For this we were paid 50c a vine and each vine needed probably 40 cuts. You know nothing about blisters until you’ve done a couple of weeks at this. I was making about $50 a day at the beginning and to be honest found another job after 2 weeks so never really earned more than about $75.

Don’t get me wrong though the Hunter Valley is a beautiful place, the town we used as our base was called “Broke” how apt. Worth a visit.


 

 


Hourly paid jobs:

 

Potato harvester: Company called Mitolo’s based in South Australia. One of the easier jobs I had, basically stood on the back of a harvester which is pulled by a tractor. In a nutshell, big conveyor belt, two people stood either side, throwing away everything that ain’t a healthy potato (twigs, stones, rotten potatoes, even bones). Up to 14 hour days on this at $20ph, you do the maths! Absolutely soul-destroying though, even plays tricks on your mind, after a while the potatoes look like millions of little bread rolls, or was I just really hungry. I never knew there was this many potatoes in the world!

Driving a tractor: This time in Echuca Victoria. Up to 12 hours days, 7 days a week, $21 per hour. THE EASIEST GIG I had out of all jobs I did. 800 acres and 12000000 tomato plants, just for one of the many farms we planted. This job consisted of blagging I’d driven a tractor back home on my uncles farm…. I hadn’t but I needed a job. Luckily for me I had a lovely Irish girl from the hostel called Steph to show me the dance on my first day. It involved filling up the 2000 liter water tank on the front while about 10 Indian migrant workers filled the shelves on the back with tomato seedlings. Once this was done drive into the furrows lower the planting gear and set the throttle to 1.6kph, keep the tractor straight for 20 minutes, sit back and relax while the lads on the back did all the graft. Tunes on, air con blasting! The Hardest part was staying awake. Get yourself to Echuca backpackers in September…You won’t regret it!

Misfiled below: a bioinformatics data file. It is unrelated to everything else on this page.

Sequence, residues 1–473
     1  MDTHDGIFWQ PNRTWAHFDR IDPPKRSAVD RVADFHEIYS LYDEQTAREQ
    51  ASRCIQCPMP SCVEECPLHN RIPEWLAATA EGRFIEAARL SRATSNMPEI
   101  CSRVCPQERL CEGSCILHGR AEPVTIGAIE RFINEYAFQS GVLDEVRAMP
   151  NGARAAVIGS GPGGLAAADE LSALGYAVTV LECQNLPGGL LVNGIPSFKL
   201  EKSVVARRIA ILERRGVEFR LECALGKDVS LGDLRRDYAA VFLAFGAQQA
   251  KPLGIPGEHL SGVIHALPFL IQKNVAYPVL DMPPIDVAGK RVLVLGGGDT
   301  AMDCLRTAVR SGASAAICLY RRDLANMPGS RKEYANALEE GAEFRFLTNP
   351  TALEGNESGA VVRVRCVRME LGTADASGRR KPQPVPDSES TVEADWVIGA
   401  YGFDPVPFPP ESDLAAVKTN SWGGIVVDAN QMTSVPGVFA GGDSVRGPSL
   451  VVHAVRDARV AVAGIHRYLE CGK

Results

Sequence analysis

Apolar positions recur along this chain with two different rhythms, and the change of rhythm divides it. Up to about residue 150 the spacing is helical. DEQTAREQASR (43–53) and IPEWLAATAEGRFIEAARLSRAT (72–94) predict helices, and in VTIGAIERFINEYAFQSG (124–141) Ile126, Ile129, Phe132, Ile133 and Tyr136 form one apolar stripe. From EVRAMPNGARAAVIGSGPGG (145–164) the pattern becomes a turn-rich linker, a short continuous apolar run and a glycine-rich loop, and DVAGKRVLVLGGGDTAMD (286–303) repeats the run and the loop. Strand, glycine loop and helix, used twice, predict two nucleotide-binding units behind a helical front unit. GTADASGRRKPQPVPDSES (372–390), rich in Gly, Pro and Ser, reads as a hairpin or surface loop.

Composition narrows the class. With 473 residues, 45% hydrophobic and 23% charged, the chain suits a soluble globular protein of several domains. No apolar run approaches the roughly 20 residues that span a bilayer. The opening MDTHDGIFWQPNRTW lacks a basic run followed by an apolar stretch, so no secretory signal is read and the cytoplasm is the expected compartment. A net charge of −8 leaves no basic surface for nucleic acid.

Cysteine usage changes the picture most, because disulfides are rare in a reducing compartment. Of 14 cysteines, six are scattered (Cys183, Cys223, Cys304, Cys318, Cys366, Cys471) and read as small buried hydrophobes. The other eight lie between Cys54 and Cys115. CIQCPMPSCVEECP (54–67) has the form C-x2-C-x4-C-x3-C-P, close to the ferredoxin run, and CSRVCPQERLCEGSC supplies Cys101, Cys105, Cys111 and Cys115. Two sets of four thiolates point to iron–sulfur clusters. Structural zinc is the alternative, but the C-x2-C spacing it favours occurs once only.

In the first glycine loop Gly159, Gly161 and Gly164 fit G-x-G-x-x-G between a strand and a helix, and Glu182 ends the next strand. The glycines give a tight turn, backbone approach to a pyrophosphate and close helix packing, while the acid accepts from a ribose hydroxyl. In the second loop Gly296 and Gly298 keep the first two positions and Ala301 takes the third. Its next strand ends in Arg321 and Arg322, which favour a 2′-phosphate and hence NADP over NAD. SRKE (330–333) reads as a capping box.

Some good, some bad but all a good laugh!

These are just a selection of the many jobs I had in less than 2 years, I wanted to give a taste of what the actual work is, some of them I will cover again in their own dedicated posts. So many memories, I’d be writing forever, so until then please share your fruit picking jobs. In many ways knowledge is wealth, so share the wealth.